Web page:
And just maybe, if this space is free and dynamic enough, it can turn the wheel on the little ideas and conversations and kinds of community that lead to creative beginnings (outside the club).

Courtesy of Samuel Smelty

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Browns Fashion Touched Down in Berlin, and Gave Us a Glimpse at Retail's Future - W

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I’m A Celebrity’s Jacqueline Jossa in floods of tears over husband Dan Osborne – Mirror Online11.22.19

Jacqueline Jossa was left in floods of tears on tonight's I'm A Celebrity.

The former EastEnders star woke up feeling teary because she was missing her family.

Jacqueline, who bravely conquered her fears in Tuesday night's trial, admitted she couldn't bear to be apart from husband Dan Osborne and her young children.

She shares daughters Ella, four, and Mia, one, with former The Only Way Is Essex star Dan, who has been supporting his wife from home.

The Lauren Branning actress was reassured by fellow campmate Ian Wright, who comforted her when she started crying.

Talking in the Bush Telegraph, a tearful Jacqueline said: "I just woke up feeling a bit like mmmm when youre just looking up at pure Jungle and you think wow, Im so far away from home."

While brushing his teeth, Ian came and sat down next to Jacqueline on her bed to give a shoulder to cry on.

The former footballer reassured her that it would be OK and she would not always be away from her family.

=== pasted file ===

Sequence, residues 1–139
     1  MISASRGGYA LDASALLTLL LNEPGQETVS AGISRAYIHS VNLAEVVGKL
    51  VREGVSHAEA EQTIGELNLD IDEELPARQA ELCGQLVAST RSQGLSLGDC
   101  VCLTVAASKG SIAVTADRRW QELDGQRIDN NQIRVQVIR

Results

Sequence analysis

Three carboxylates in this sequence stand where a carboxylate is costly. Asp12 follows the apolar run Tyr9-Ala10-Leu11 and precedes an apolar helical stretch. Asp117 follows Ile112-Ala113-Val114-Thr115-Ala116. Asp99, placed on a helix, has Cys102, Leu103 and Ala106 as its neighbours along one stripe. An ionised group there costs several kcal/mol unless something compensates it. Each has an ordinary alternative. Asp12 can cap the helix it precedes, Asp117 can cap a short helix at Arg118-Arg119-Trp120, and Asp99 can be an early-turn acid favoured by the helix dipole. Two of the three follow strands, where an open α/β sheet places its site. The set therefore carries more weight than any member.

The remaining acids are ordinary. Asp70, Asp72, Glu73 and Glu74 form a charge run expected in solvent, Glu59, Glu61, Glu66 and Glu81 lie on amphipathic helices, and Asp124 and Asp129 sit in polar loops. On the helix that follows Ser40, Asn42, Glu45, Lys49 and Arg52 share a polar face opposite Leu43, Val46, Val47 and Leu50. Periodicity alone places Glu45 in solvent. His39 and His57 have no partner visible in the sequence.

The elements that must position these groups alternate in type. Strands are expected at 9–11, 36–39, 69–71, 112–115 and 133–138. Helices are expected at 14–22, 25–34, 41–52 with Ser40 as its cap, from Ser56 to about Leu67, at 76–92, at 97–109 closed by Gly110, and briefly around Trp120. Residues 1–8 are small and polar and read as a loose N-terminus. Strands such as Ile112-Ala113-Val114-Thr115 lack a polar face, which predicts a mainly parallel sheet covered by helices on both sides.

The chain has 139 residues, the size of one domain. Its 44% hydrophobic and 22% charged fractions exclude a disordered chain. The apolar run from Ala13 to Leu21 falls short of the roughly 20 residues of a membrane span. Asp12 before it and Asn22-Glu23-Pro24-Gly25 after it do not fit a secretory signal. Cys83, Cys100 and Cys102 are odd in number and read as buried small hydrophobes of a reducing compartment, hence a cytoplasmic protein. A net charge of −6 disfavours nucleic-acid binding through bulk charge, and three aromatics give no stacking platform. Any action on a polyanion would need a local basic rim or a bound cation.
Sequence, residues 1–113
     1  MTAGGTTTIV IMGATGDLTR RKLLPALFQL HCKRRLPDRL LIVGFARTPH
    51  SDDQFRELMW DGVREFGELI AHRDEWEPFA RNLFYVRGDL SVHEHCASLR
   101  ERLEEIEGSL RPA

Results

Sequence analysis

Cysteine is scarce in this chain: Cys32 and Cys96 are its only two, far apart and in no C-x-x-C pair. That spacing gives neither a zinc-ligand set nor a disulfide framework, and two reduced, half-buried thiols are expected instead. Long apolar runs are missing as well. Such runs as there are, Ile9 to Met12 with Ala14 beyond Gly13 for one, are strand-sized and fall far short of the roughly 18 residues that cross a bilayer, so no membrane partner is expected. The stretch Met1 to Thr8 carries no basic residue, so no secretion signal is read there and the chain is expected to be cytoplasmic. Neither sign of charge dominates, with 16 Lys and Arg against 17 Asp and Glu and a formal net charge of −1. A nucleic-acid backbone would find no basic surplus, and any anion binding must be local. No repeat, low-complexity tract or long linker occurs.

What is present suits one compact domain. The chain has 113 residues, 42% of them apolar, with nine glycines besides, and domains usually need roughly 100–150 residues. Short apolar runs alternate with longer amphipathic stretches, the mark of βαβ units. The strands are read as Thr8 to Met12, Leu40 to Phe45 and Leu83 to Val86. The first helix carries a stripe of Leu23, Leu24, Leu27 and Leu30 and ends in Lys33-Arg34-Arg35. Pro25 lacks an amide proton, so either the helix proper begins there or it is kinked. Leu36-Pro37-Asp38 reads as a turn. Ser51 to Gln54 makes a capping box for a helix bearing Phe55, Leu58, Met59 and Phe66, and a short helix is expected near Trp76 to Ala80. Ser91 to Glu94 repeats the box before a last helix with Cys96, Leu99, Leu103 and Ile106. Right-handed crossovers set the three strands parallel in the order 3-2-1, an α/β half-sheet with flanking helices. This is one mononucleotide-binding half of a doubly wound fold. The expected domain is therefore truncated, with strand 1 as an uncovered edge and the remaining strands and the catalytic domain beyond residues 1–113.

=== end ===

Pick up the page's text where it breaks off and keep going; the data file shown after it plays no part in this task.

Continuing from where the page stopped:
Talking in the Bush Telegraph, Ian said: She misses her kids which is natural, she misses her husband, everything like that.

Later on, Jacqueline said: "In the BT, Jacqueline said The thing is, everyone is missing their families, I just feel like its too soon to be crying missing your family

"And we all smell so bad, we just stink, I stink, the smelliest Ive ever been in my life."

Dan has warned this year's campmates that they could end up feeling the wrath of his "hangry" wife.

The former TOWIE star admitted Jacqueline can get a bit feisty if she has not eaten - so a diet of rice and beans could bring out another side of her.

Speaking exclusively to Mirror Online, Dan said: "I mean if its a spider then I know she will find that hard, she cant even see one in the house without screaming!

"But I think as it goes on and the hungrier the camp get I think she will try really hard. Although if she hasnt eaten much she does get hangry so watch out campmates! But she will give it her all whatever!"

Dan, who is also dad to son Teddy, five, is holding down the fort at home while mummy endures life in the jungle.